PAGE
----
From what the priors said while I was down there, OCS is physically harder than boot camp, while boot camp is mentally harder.
Link Posted: 4/18/2007 7:20:44 PM EDT
[#22]
Here are pictures from a current OCS class.  This is a 10 week OCC course.  This course is designed for college graduates.  

OCS pics

 
Link Posted: 4/19/2007 1:43:22 PM EDT
[#23]
    There are reasons for one appearing harder than the other, or for people having different perspectives on them. For one thing, when you enlist, you can't just waltz up to your DI and DOR. You're attitude can take on a whole different slant knowing that in the back of your mind at OCS. Also, having been enlisted and having relatives who'd been to both, I knew better than to expect anything but a rough time at OCS. In fact OCS was rougher because I had a visible USMC tattoo...from the first minute of the first day it was expected that I was to know everything, and teach everyone everything I knew. So what if I didn't have time for my own shit because I was so busy helping everyone else. When one of my charges screwed up, I paid doubly for it not keeping myself AND them unfucked. It just kind of went with the turf...I ate it all and graduated. If you're just a college boy with no prior experience, then your view of the whole thing is probably going to be much different than mine.

   Lastly, the biggest difference to me was that boot camp teaches you how to be a follower. At OCS, you begin to learn how to be a leader. If you think you're just going to sit back at OCS and cooperate to graduate, then you have a rude awakening on its way...they are evaluating your leadership abilities from the minute you show up there.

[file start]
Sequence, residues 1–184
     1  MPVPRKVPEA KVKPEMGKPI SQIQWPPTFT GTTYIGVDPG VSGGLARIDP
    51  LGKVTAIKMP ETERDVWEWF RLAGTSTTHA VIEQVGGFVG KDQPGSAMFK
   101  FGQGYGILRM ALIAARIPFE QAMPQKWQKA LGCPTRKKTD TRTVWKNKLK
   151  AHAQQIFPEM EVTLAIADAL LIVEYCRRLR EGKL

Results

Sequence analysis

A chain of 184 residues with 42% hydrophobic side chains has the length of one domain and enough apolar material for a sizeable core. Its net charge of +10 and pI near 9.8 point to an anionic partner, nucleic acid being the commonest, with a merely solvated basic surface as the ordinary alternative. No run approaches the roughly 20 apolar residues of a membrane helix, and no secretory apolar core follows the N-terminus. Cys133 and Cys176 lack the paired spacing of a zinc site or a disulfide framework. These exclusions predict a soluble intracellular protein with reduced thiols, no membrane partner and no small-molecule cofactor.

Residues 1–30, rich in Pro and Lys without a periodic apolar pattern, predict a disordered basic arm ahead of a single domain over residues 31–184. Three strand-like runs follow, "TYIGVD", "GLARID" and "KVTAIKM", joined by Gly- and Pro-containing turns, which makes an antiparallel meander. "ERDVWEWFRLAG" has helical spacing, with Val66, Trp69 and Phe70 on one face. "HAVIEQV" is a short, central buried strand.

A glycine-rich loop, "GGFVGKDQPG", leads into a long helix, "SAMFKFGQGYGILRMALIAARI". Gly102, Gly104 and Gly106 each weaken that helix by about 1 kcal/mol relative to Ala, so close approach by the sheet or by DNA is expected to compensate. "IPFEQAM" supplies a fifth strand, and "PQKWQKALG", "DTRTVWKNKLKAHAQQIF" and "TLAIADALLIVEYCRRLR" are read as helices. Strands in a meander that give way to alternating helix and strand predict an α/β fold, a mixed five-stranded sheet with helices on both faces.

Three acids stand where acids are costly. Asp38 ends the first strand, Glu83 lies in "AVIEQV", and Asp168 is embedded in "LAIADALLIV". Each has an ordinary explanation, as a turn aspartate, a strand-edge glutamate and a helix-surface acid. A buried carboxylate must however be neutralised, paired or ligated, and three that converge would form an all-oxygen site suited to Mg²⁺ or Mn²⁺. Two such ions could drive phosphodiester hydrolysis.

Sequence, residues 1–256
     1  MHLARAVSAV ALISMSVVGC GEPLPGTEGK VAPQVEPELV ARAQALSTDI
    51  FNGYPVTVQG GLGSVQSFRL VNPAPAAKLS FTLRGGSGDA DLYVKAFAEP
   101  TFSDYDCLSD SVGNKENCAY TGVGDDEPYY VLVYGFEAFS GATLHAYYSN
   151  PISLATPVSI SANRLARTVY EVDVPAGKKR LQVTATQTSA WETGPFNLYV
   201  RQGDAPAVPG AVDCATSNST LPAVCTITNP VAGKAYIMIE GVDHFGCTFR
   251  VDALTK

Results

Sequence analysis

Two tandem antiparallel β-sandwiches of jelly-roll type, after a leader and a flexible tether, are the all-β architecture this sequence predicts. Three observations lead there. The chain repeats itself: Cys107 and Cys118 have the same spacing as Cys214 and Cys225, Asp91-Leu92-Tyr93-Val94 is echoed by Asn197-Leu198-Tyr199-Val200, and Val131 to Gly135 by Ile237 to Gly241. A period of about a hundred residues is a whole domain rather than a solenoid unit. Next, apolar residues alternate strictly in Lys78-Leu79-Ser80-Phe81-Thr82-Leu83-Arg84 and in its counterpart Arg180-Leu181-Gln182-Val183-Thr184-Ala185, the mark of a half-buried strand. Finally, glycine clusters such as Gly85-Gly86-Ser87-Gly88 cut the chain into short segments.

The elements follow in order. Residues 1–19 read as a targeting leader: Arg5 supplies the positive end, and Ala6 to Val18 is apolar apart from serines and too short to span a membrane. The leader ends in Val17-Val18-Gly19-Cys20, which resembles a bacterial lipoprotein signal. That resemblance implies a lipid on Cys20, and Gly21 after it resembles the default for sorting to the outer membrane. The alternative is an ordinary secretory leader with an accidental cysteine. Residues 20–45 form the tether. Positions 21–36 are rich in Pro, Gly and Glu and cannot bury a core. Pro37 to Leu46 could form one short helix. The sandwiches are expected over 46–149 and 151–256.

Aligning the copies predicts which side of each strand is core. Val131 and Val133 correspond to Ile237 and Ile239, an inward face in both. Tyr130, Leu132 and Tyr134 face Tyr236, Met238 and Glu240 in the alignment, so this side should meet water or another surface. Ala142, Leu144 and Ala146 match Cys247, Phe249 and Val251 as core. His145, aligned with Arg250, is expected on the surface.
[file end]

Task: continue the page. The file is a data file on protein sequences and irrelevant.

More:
One old farts view...
Link Posted: 4/19/2007 5:17:29 PM EDT
[#24]

Quoted:
    There are reasons for one appearing harder than the other, or for people having different perspectives on them. For one thing, when you enlist, you can't just waltz up to your DI and DOR. You're attitude can take on a whole different slant knowing that in the back of your mind at OCS. Also, having been enlisted and having relatives who'd been to both, I knew better than to expect anything but a rough time at OCS. In fact OCS was rougher because I had a visible USMC tattoo...from the first minute of the first day it was expected that I was to know everything, and teach everyone everything I knew. So what if I didn't have time for my own shit because I was so busy helping everyone else. When one of my charges screwed up, I paid doubly for it not keeping myself AND them unfucked. It just kind of went with the turf...I ate it all and graduated. If you're just a college boy with no prior experience, then your view of the whole thing is probably going to be much different than mine.

   Lastly, the biggest difference to me was that boot camp teaches you how to be a follower. At OCS, you begin to learn how to be a leader. If you think you're just going to sit back at OCS and cooperate to graduate, then you have a rude awakening on its way...they are evaluating your leadership abilities from the minute you show up there.

One old farts view...


I'll agree with you there. I was the college boy with no experience: didn't know how to roll sleeves, make a rack, or any of the stuff Marines learn at boot camp. I could understand why the priors had a bit of disdain toward us, because we did in fact slow them down and make them potential targets for harrassment. Alot of things we weren't taught by the SI's, and the priors had to teach all of us civilians.

To the OP, try to watch the prior enlisted and learn from them, and only ask for help when you positively need it. If you follow a prior around and say, how do I do this, how do I do that, help help help, he's probably going to hate you. Not saying you would do that, just a tip.
Link Posted: 4/19/2007 5:20:21 PM EDT
[#25]
Never quit, and conduct yourself with honor.

The rest will follow.

Good luck!

PLC-C 2005
OCC-193 (2006)
Currently at TBS